The Senate Rejects Outsourcing War Powers to Trump

If senators took their oaths seriously, votes to assert Congress’s authority in matters of war and peace would be unanimous.

But, of course, in today’s Washington oaths are often disregarded. As presidents have grown increasingly imperial, the Senate has too frequently abandoned its checking and balancing role, and, since Donald Trump took office, the vast majority of Republican senators have served as this particular president’s Praetorian Guard.

So it was significant that eight Senate Republicans joined Senate Democrats on Thursday in voting for legislation crafted by Senator Tim Kaine of Virginia to limit the president’s ability to order an attack on Iran.

Concerned about Trump’s erratic approach to the Middle East and about the prospect that similar tensions might at any point escalate toward war, Senators Lamar Alexander of Tennessee, Bill Cassidy of Louisiana, Susan Collins of Maine, Mike Lee of Utah, Jerry Moran of Kansas, Lisa Murkowski of Alaska, Rand Paul of Kentucky, and Todd Young of Indiana broke with Trump to curb the president’s ability to wage war on Iran without express approval from Congress.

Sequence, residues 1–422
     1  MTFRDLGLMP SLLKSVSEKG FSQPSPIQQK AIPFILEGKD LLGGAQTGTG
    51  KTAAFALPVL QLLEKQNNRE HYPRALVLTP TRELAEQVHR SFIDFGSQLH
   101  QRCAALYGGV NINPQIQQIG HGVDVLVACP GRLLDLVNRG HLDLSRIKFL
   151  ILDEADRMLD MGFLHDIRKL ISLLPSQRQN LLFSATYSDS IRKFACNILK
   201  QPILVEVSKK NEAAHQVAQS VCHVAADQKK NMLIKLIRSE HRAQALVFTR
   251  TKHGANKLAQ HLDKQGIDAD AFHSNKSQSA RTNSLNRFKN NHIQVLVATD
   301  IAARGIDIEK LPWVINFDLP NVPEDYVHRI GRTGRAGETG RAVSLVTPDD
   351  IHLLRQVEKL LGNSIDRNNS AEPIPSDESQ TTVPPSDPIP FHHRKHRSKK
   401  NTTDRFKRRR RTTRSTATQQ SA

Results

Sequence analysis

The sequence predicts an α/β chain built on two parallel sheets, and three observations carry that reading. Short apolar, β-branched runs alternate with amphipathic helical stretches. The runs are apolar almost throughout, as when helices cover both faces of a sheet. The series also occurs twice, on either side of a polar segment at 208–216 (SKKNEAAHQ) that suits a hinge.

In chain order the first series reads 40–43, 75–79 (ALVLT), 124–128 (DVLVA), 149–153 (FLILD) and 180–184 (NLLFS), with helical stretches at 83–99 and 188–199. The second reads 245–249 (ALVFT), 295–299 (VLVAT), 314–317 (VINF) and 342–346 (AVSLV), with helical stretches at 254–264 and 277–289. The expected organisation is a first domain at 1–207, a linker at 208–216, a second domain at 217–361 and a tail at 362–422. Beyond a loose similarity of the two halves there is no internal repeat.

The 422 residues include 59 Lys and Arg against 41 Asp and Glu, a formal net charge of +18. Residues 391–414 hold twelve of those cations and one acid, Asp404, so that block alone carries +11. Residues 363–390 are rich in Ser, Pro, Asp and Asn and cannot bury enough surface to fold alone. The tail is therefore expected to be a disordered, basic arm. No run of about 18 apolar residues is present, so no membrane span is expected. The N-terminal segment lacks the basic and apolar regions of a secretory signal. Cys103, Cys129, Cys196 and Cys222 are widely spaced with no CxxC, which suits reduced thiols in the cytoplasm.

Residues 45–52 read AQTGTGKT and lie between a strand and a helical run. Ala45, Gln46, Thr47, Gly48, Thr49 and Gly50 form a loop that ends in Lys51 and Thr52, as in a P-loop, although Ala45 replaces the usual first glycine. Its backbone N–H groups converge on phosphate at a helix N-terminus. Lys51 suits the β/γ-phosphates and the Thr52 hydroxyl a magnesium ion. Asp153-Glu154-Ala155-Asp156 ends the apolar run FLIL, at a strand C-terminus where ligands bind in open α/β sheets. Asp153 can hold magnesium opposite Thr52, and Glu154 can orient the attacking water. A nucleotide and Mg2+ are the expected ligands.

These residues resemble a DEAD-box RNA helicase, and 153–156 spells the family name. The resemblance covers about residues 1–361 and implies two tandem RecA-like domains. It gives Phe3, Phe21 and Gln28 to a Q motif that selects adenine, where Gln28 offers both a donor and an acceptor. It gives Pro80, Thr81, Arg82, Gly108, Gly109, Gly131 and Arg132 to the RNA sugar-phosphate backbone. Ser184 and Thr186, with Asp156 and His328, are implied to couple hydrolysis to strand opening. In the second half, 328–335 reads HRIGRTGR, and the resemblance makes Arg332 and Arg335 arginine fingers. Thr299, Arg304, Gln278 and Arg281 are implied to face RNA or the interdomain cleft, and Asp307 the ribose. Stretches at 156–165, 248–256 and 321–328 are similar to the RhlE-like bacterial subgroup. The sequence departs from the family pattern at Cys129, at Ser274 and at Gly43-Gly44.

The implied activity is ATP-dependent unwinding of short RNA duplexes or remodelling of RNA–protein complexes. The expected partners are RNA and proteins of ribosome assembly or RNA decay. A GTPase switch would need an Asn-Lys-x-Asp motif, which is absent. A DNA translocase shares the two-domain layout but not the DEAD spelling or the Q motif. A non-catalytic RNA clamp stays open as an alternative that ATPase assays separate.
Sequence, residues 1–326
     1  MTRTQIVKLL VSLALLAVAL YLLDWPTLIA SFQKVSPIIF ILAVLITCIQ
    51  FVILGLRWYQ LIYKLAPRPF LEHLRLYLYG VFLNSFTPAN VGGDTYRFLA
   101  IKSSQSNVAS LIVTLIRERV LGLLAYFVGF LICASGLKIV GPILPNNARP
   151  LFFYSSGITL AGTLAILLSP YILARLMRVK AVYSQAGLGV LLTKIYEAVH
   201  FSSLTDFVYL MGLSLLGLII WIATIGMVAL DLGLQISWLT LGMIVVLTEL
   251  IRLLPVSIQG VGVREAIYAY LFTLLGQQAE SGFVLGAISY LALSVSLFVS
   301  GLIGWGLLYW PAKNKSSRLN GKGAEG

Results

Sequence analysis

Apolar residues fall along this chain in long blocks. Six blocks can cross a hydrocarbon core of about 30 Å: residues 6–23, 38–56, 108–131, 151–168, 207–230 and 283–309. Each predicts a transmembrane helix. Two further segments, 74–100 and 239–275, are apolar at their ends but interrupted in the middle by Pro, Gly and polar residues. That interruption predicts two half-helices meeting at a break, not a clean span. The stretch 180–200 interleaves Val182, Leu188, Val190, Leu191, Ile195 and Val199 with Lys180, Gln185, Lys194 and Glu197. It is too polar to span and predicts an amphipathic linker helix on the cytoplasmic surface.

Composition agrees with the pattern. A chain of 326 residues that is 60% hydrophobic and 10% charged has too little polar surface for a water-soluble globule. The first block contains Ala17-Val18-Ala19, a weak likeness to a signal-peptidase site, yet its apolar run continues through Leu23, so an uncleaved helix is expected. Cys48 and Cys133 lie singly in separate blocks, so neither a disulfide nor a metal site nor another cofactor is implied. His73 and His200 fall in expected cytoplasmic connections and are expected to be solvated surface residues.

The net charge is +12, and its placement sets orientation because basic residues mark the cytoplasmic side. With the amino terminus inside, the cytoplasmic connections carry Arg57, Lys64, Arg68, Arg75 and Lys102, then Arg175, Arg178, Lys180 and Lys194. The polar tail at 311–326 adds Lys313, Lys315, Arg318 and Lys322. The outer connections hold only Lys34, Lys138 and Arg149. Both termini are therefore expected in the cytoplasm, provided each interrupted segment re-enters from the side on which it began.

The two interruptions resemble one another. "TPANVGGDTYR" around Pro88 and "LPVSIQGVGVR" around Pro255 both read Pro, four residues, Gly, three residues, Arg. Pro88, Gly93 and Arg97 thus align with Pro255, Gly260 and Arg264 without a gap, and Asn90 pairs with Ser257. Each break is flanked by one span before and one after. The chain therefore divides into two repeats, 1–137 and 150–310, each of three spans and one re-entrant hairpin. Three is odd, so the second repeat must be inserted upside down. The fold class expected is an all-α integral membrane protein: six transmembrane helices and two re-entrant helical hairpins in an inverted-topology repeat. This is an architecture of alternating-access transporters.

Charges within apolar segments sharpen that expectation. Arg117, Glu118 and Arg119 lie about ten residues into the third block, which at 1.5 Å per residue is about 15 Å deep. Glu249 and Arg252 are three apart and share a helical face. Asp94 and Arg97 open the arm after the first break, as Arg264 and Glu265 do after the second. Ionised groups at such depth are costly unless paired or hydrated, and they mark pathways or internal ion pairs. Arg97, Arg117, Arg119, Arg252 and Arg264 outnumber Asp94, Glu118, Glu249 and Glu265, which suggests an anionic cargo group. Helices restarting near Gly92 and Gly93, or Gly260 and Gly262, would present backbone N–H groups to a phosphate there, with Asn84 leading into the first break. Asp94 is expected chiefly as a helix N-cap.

“For nearly two decades, Congress has been AWOL on certain matters of national security and attempted to pass the buck to our commander in chief when things go wrong,” said Young, a conservative who served as a US Marine and who usually sides with Trump. “It’s time for us to do our job.”

As he had done with considerably more success in this month’s impeachment trial, the president tried to rally Republican senators with a tweet declaring, “It is very important for our Country’s SECURITY that the United States Senate not vote for the Iran War Powers Resolution. We are doing very well with Iran and this is not the time to show weakness.” Senate majority leader Mitch McConnell echoed the president’s line, decrying “ill-conceived potshots at presidential authority.”

But Mike Lee, the Utah Republican who worked closely with Senator Bernie Sanders to cut US support for the Saudi Arabian military’s assault on Yemen, explicitly rejected the president’s call on senators to abdicate their constitutional responsibility. “We don’t send a message of weakness when we stand up for the rule of law,” announced Lee. “That’s a message of strength.”

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